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Graphite Helps Aerospace Engineers Push The Limits

Metcar
Metcar 4 WAYS GRAPHITE HELPS AEROSPACE ENGINEERS PUSH THE LIMITS

Graphite Helps Aerospace Engineers Push The Limits

By: Metcar

In the aerospace sector, there is zero room for mistakes, necessitating materials capable of enduring elevated altitudes, rapid velocities, and temperatures surpassing 1,000 degrees. These demands are crucial to fulfill the stringent safety standards of the industry.

In these oppressive environments, aerospace engineers require high-performance materials that push the limits. The material that possesses the heat resistance and self-lubricating characteristics that satisfy these stringent requirements is highly-specialized Metcar® graphite.

Graphite’s layered structure and material characteristics allow it to run at higher temperatures for longer than other bearing and seal materials. So, it’s ideal for mechanical parts that help keep aircraft at peak performance.

At Metcar, our proactive approach to develop next generation materials and our unique family of solid, oil-free, self-lubricating materials continue to set new standards in the aerospace industry.

Aerospace Engineers’ #1 Priority: Efficiency

The predominant concern of aerospace engineers is efficiency. Metcar’s highly-specialized graphite achieves improved efficiency by:

  • Increasing the service life of airplanes
  • Improving fuel economy
  • Having the ability to run hotter engines
  • Reducing the weight of airplanes

1. Longevity

Graphite’s self-lubrication and heat transfer advantage, along with the ability to seal the porosity through our proprietary impregnation process, increases aircraft longevity.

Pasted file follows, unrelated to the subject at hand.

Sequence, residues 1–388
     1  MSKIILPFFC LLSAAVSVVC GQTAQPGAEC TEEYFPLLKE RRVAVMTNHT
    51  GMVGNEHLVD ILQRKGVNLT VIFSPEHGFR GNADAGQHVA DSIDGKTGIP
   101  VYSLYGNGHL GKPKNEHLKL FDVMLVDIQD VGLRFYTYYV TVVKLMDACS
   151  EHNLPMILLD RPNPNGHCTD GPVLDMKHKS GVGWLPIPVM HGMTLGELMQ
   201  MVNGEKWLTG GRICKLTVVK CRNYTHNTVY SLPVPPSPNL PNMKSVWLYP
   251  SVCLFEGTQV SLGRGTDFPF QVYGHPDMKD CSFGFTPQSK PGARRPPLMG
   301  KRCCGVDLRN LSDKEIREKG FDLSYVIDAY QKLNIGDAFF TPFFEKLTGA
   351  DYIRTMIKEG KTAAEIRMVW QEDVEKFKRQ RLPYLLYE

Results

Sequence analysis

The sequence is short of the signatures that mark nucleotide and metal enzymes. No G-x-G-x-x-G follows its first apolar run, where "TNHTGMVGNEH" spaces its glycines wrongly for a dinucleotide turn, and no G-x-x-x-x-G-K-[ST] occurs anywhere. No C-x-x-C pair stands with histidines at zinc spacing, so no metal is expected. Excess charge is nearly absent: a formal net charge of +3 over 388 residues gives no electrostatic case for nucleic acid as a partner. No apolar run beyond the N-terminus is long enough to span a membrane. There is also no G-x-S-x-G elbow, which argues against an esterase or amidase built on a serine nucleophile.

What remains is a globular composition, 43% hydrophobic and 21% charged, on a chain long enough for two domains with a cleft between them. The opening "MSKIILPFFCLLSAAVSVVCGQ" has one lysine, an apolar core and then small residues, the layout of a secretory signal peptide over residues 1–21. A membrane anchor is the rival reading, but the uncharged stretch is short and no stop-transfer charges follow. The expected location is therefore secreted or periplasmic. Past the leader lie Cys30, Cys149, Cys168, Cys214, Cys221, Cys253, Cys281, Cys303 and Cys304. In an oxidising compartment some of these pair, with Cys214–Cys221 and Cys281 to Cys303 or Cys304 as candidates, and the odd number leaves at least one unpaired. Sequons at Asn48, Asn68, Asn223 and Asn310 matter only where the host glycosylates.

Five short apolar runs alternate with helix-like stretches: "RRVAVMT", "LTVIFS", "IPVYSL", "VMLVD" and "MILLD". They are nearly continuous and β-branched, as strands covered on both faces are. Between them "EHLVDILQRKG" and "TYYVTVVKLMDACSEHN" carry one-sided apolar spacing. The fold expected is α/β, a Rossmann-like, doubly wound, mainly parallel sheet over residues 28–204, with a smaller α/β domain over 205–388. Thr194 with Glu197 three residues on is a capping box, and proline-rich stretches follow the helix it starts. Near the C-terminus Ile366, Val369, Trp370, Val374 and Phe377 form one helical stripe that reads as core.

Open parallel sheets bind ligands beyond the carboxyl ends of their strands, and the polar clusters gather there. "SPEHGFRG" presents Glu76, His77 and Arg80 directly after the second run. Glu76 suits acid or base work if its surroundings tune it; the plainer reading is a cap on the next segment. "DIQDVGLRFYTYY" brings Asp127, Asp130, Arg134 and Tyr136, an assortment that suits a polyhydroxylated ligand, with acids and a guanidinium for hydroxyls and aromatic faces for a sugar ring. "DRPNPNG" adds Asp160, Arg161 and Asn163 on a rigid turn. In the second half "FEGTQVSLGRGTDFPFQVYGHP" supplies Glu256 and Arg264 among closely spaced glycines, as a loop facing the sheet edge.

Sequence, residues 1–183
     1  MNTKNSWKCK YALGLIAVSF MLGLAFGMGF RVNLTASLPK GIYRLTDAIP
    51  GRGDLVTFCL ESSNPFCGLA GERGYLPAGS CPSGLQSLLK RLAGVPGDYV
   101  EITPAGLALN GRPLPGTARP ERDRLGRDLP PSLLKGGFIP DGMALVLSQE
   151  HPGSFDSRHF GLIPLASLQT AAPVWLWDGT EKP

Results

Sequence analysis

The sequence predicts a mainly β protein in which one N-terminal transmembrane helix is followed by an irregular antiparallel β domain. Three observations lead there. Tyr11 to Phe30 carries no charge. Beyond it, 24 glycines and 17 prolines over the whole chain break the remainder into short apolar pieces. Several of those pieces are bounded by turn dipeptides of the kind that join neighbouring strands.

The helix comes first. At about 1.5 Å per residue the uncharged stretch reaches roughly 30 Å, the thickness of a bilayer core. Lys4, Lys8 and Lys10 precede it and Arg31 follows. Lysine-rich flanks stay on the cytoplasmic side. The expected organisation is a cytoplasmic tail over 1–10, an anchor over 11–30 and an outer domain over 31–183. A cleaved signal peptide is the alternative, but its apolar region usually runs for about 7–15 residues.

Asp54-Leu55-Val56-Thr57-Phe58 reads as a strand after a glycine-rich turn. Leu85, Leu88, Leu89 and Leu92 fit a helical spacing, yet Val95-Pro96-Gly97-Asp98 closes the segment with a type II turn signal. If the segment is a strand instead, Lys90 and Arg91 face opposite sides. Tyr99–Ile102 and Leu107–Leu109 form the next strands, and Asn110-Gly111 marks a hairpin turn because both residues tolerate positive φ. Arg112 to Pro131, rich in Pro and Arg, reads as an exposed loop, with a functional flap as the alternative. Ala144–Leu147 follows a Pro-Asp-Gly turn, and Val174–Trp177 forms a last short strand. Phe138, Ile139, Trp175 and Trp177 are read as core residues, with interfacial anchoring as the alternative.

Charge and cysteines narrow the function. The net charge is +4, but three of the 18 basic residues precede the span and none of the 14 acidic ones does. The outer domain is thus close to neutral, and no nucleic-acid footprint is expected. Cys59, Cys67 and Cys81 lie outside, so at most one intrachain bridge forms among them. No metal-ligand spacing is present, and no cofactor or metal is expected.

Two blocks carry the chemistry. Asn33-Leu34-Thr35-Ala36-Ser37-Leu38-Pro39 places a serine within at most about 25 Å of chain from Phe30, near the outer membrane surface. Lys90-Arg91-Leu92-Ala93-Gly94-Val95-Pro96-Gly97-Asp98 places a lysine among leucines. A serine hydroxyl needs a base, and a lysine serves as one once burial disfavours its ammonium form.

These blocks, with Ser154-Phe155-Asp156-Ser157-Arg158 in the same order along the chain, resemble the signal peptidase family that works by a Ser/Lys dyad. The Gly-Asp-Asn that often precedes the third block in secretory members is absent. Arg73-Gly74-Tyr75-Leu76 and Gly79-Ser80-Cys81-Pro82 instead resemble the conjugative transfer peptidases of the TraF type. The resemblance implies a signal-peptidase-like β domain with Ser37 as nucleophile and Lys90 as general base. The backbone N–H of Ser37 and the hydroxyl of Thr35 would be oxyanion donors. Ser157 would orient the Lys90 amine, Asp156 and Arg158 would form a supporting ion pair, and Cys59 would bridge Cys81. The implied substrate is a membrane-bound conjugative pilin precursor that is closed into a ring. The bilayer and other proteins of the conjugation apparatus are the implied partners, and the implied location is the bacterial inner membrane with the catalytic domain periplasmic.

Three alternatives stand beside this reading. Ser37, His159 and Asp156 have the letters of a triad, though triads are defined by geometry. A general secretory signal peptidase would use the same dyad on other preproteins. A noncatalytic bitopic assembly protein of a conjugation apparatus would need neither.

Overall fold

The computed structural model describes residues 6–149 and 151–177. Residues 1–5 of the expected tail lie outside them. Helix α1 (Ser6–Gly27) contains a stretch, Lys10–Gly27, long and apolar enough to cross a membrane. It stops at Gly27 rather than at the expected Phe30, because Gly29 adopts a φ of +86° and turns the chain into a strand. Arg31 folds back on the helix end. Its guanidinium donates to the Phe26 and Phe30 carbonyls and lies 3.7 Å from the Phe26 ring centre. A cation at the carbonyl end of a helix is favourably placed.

Commercial airplanes stay in service for 25-30 years with lengthening service intervals. Aging aircrafts offer airlines an economic advantage to manage their financial risk, including lower depreciation costs and lower capital investments. With the fluctuating price of oil, a balanced fleet of new and aging aircraft offer airlines the flexibility to park or replace aging planes when it’s in their financial interest.

The unique characteristics of graphite to increase longevity give airlines a distinct operating leverage.

2. Fuel Economy

Aerospace engineers aren’t the only ones interested in better fuel economy. Fuel is one of the biggest expenses of airlines worldwide, representing up to 33 percent of operating costs.

Metcar Graphite helps achieve better fuel economy by allowing engineers to manage oil temperatures in the engine’s bearing cavities due to Metcar’s high thermal conductivity. This allows the engines to run at higher temperatures which results in better fuel economy.

In an engine, oxidation is responsible for numerous lubricant problems like coking of the oils creating sediment which decrease fuel efficiency and necessitate replacing the oil and servicing engines more frequently. With longer intervals between maintenance, airplanes can spend more time in service.

3. Ability To Run At Extremely High Temperatures

Oxidation inhibitors are added to graphite materials to allow them to run at higher temperatures than other bearing and seal materials. Heat is transferred efficiently by drawing heat away from the interface to prevent overheating. This equates to improved performance.

A high-performance impregnation process seals porosity in carbon graphite and graphite by use of vacuum and pressure. Impregnation can effectively limit both micro-porosity and macro-porosity. This improves thermal properties and enhances material strength and stiffness.

4. Weight Saving Properties

Aerospace engineers are always looking to achieve a weight advantage through their choice of materials. Graphite is lightweight and has a lower density compared to other aerospace materials.

For example, when an industry giant replaced a single leaded bronze part with a graphite equivalent, they saw a weight decrease of 1.5 lbs. In aerospace, every pound saved equates to $5,000 a year in fuel costs. Switching to graphite when possible across an entire fleet adds up to substantial cost reduction for the airline.

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